with Ada.Text_IO; use Ada.Text_IO; with Example.Ethernet.Frame; with Example.Types; procedure Ethernet is package Eth renames Example.Ethernet.Frame; subtype Packet is Example.Types.Bytes (1 .. 1500); Buffer : Example.Types.Bytes_Ptr := new Packet'(Packet'Range => 0); Ctx : Eth.Context := Eth.Create; begin -- Retrieve the packet Buffer (1 .. 56) := (16#ff#, 16#ff#, 16#ff#, 16#ff#, 16#ff#, 16#ff#, 16#04#, 16#d3#, 16#b0#, 16#ab#, 16#f9#, 16#31#, 16#08#, 16#06#, 16#00#, 16#01#, 16#08#, 16#00#, 16#06#, 16#04#, 16#00#, 16#01#, 16#04#, 16#d3#, 16#b0#, 16#9c#, 16#79#, 16#53#, 16#ac#, 16#12#, 16#fe#, 16#b5#, 16#00#, 16#00#, 16#00#, 16#00#, 16#00#, 16#00#, 16#ac#, 16#12#, 16#64#, 16#6d#, 16#00#, 16#00#, 16#00#, 16#00#, 16#00#, 16#00#, 16#00#, 16#00#, 16#00#, 16#00#, 16#00#, 16#00#, 16#00#, 16#00#); Eth.Initialize (Ctx, Buffer); Eth.Verify_Message (Ctx); if Eth.Structural_Valid_Message (Ctx) then Put_Line ("Source: " & Eth.Get_Source (Ctx)'Img); if Eth.Present (Ctx, Eth.F_TCI) and then Eth.Valid (Ctx, Eth.F_TCI) then Put_Line ("TCI: " & Eth.Get_TCI (Ctx)'Img); end if; end if; end Ethernet;
The code can be proven directly using gnatprove (the remaining warning is a known issue in GNAT Community 2019 as explained in the Known Issues section of the README):
$ gnatprove -P ethernet.gpr Phase 1 of 2: generation of Global contracts ... Phase 2 of 2: flow analysis and proof ... ethernet.adb:22:25: warning: unused assignment to "Buffer" gnatprove: error during flow analysis and proof
What guarantees can we obtain from this proof? Firstly, the absence of runtime errors is shown for the generated code as well as for the user code. No matter what input is read into the Buffer variable and presented to the parser, the program does not raise an exception at runtime. Furthermore, its control flow cannot be circumvented e.g. by buffer overflows or integer overflows. This is called "silver level" in SPARK parlance. Additionally, we prove key integrity properties ("gold level"), e.g. that optional fields are accessed if and only if all requirements defined in the RecordFlux specification are met.
RecordFlux greatly eases the specification and handling of binary messages. But is it suitable for real-world applications? We conducted a number of case studies to validate that it in fact is.
Packet sniffers are tools often used by administrators to diagnose network problems. They capture and dissect all data received on a network interface to allow for a structured analysis of packet content. Famous open source examples are Wireshark and tcpdump. As packet sniffers need to handle a large amount of complex protocols, they also tend to be complex. There have been errors which allowed attackers to mount remote exploits against packet sniffers. For this reason, e.g. it is discouraged to run Wireshark under a privileged user account.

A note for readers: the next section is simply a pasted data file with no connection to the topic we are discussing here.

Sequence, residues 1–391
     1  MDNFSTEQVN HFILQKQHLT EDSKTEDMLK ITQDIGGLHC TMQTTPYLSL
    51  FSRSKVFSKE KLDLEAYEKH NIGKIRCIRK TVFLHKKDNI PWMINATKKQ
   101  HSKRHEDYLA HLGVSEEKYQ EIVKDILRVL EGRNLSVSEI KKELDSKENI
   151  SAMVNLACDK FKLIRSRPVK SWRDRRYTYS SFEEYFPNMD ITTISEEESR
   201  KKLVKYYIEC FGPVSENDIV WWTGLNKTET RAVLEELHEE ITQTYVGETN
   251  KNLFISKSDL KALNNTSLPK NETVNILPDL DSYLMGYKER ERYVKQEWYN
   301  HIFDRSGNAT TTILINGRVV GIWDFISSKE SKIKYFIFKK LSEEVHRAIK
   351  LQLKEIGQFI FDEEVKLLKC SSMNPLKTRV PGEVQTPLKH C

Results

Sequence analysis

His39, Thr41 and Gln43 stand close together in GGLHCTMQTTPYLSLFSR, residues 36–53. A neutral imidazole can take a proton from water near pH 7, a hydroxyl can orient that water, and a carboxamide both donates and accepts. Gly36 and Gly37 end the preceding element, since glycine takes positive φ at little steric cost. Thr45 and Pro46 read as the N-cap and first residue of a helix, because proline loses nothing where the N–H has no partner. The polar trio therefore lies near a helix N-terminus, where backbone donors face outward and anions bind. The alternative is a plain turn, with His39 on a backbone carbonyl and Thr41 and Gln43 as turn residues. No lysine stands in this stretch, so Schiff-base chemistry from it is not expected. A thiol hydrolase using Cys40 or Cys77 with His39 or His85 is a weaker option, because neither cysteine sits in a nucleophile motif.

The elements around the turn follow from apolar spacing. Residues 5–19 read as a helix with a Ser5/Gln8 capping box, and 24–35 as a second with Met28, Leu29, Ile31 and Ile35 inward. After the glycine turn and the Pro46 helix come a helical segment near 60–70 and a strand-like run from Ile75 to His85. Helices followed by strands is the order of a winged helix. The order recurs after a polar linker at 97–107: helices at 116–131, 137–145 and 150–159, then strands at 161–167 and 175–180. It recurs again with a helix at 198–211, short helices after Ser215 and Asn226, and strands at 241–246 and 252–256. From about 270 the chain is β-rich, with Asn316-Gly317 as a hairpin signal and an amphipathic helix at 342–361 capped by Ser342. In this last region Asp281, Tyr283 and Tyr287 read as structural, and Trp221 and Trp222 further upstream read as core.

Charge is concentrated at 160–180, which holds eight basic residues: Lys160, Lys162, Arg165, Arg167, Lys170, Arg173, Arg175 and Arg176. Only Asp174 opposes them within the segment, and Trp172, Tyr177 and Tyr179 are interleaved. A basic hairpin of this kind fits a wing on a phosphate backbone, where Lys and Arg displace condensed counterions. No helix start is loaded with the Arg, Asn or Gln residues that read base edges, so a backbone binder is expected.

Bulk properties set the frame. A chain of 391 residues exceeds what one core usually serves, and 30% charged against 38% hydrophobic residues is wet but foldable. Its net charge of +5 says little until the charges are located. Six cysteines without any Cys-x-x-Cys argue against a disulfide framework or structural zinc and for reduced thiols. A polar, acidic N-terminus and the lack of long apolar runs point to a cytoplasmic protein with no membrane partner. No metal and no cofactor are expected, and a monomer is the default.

Obviously a formally verified packet sniffer is desirable to eliminate the risk of an attack when analyzing traffic from untrusted sources. We prototyped a very simple packet sniffer for IP/UDP on Linux for which we proved the absence of runtime errors. The output is similar to other packet sniffers:
$ sudo ./obj/sniff_udp_in_ip IP: Version: 4 IHL: 5 DSCP: 0 ECN: 0 TLen: 53 Id: 9059 DF: 1 MF: 0 FOff: 0 TTL: 64 Proto: UDP HCSum: 6483 Src: 127.0.0.1 Dst: 127.0.0.1, UDP: SPort: 58423 DPort: 53 Len: 33 CSum: 65076 Payload: b9 7d 01 00 00 01 00 00 00 00 00 00 04 63 6f 61 70 02 6d 65 00 00 1c 00 01
Another area where correct parsers are essential are security protocols. The most important security protocol on the internet is TLS - whenever a browser connects to a remote server using the https protocol, in the background some version of TLS is used. We formalized the message format of the latest TLS version 1.3 according to RFC 8446 and generated a SPARK parser for TLS from the specification.
An open question remained, though: Can the generated code handle real-world TLS traffic and is there a performance penalty compared to unverified implementations? While we are working on a verified component-based TLS 1.3 implementation completely done in SPARK, it is not yet available for this experiment. As an alternative, we used an open source TLS 1.3 library by Facebook named Fizz and replaced its TLS parser by our generated code. As the C++ types used by Fizz (e.g. vectors) could not easily be bound to Ada, glue code had to be written manually to translate between the C++ and the SPARK world. We ensured that all untrusted data the library comes in touch with is handled by SPARK code. For the SPARK part, we proved the absence of runtime errors and the invariants stated in the specification.
Our constructive approach turned out to be effective for improving the security of existing software. In CVE-2019-3560 an integer overflow was found in the Fizz library. Just by sending a short, specially crafted sequence of messages, an attacker could mount a Denial of Service attack against an application using Fizz by putting it into an infinite loop. While Facebook fixed this bug by using a bigger integer type, the RecordFlux parser prevents this issue by rejecting packets with invalid length fields.
Despite the required transformations, the performance overhead was surprisingly low. For the TLS handshake layer - the part that negotiates cryptographic keys when the communication starts - the throughput was 2.7% lower than for the original version. For the TLS record layer, which encrypts and decrypts packets when a connection is active, the throughput was only 1.1% lower:
Conclusion and Further Information
With RecordFlux, creating SPARK code that handles complex binary data has become a lot easier. With a proper specification the generated code can often be proven automatically. In the future, we will extend RecordFlux to support the generation of binary messages and the modeling of the dynamic behavior of binary protocols.